It’s not just homosexuals at risk. And attributing responsibility to a category of people not only reminds us of the attitude already seen with AIDS, but does not help to fight the contagion

Rhiannon Williams

Homophobic misinformation circulating on social media is hampering efforts to curb the spread of the disease, according to research conducted for MIT Technology Review. 2,093 confirmed cases of the virus have been reported worldwide as of June 17 and most involved men who have had sex with same-sex people, according to the World Health Organization. His director in Europe, which is the epicenter of the current epidemic, sounded the alarm this week, warning that authorities must do more to contain the disease.

According to research conducted for “MIT Technology Review” by the Center for Countering Digital Hate, the job is made more difficult by false theories, often homophobic, which are spreading across all major social media platforms. Misinformation is making it harder to convince the public that monkeypox can affect anyone and could dissuade people from reporting potential infections..

There are also pandemic-type conspiracy theories in which Bill Gates and the “global elites” are attacked or the virus is suggested to have been developed in a laboratory. But undoubtedly the main trend is that of homophobia and the attempt is to attribute the blame for the epidemic to the LGBTQ + communities. Some Twitter posts claim that the countries most open to LGBTQ + communities are the areas where monkeypox cases are highest. It is no coincidence that they call the virus “God’s vengeance”.

In a video shared on Twitter last month, Georgia Congresswoman Marjorie Taylor Greene falsely claimed that “monkeypox is mainly transmitted only through homosexual intercourse.” Homophobic comments on monkeypox articles that have been shared thousands of times on Facebook have been allowed to stay online, with one post collecting hundreds of disgusted reactions shared more than 40,000 times via Telegram.

A YouTube video on a channel with 1.12 million subscribers spreads misinformation that monkeypox can be avoided simply by avoiding going to gay “orgies”, getting bitten by a rodent or getting a prairie dog as a pet. The movie had over 178,000 views. Another video, from a channel with 294,000 subscribers, claims that women contract monkeypox by coming into “contact with a man who has probably had some other contact with another man.” This footage also reached nearly 30,000 views. Facebook, Twitter and YouTube did not respond to requests for comment.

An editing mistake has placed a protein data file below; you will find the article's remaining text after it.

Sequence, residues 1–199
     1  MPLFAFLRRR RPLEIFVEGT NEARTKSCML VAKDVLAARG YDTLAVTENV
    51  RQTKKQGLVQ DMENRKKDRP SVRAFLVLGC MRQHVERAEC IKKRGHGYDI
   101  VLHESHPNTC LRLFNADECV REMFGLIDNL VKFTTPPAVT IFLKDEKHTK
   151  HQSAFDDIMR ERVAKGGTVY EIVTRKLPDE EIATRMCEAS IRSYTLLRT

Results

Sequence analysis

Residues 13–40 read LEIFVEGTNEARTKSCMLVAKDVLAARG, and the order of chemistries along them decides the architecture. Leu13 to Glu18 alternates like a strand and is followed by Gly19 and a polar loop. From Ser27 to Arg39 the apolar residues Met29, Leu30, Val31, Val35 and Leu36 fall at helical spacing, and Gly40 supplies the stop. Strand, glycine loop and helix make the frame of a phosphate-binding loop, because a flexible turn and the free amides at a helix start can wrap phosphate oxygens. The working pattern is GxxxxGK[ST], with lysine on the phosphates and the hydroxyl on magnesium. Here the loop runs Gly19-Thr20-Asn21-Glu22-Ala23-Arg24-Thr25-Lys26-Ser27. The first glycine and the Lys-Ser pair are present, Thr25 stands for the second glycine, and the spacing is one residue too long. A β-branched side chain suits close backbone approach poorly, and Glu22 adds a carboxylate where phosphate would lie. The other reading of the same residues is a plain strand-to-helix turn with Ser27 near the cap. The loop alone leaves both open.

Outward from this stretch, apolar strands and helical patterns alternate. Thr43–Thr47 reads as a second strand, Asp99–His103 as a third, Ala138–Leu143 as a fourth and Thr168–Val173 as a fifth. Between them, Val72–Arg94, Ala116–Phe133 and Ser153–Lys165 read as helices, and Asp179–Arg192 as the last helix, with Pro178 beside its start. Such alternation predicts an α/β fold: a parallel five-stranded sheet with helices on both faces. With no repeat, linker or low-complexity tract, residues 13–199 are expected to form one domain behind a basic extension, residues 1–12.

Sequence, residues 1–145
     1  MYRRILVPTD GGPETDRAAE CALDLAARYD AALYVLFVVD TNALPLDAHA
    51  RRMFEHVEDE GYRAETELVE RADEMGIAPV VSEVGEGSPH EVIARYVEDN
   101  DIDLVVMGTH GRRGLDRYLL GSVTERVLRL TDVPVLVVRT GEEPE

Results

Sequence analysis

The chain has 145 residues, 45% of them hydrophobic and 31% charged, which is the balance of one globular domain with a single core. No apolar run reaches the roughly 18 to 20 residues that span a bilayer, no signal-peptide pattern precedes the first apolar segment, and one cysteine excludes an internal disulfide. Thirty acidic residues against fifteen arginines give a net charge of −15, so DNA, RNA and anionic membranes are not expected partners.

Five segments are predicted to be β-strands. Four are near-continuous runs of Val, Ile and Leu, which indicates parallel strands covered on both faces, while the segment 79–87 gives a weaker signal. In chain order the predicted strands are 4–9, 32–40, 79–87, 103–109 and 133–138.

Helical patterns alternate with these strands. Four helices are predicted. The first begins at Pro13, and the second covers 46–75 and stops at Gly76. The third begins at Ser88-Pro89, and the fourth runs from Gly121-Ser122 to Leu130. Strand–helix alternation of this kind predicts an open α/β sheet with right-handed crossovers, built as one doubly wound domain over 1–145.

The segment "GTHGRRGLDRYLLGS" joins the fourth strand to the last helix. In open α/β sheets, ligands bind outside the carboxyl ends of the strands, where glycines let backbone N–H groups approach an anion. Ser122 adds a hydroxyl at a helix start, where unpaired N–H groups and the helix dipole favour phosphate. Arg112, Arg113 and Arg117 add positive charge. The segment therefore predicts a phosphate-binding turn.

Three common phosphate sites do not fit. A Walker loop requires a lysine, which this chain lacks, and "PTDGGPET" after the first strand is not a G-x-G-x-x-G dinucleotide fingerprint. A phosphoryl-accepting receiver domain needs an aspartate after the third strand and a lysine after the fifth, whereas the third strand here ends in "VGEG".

This stigma has real consequences: infected people who may not want to discuss their sex life are less likely to report their symptomsmaking it more difficult to track new cases and effectively control the disease. In fact, the virus can affect anyone and does not take into account people’s identity or sexual preferences.

Misinformation framing monkeypox as an infection that exclusively affects homosexuals could convince heterosexual people that they run a lower risk of contracting and spreading it than in reality, says Julii Brainard, a researcher at the University of the East. Anglia working on public health threats. “Many people will think, ‘This disease can’t hit me,’” she says.

The situation is made more difficult by the fact that there is still no clarity on the different ways in which monkeypox is transmitted or how it is currently spreading. Surely the transition is linked to close contact with an infected person or animal, but WHO said it is also investigating the hypothesis that the virus is present in human spermalthough sequencing data so far has provided no evidence that monkeypox behaves like a sexually transmitted disease.

Furthermore, it is not known which animal acts as a natural reservoir for monkeypox (the host that keeps the virus in nature), although WHO suspects that these are rodents. While it is not yet clear how or where the outbreak began, WHO believes that outside some West and Central African countries where it is regularly detected, the virus has started to spread from person to person, mainly among the men having sex with other men after two raves in Spain and Belgium.

While typical symptoms of monkeypox include swollen lymph nodes followed by a rash of lesions on the face, hands, and feet, many people affected by the most recent outbreak show fewer lesions., which are developing on the hands, anus, mouth and genitals. This difference is likely to be related to the nature of the contact.

Misinformation about monkeypox often takes advantage of homophobia already circulating in society, says Keletso Makofane, a health and human rights researcher at Harvard University. People who spread misinformation often get fixated on the ways men have sex with each other, he says.

Community care organizations have done a good job of communicating accurate information, Makofane explains, encouraging people to be aware of changes in their bodies or those of their partners and to seek help if needed. Ads on the Grindr gay dating app directing users to health care providers and information about monkeypox have also reached a large audience..

While the threat of monkeypox appears serious, we have no reason to panic right now, says Derek Walsh, a professor of microbiology and immunology at Northwestern University’s Feinberg School of Medicine. “The way in which monkeypox spreads”, he concludes, “makes it very unlikely that the story of the covid pandemic will repeat itself and in any case we already have effective vaccines.”

Image: Pixabay, Alexandra_Koch

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The post Monkeypox, homophobic disinformation is worse than disease first appeared on Technology Review Italia.

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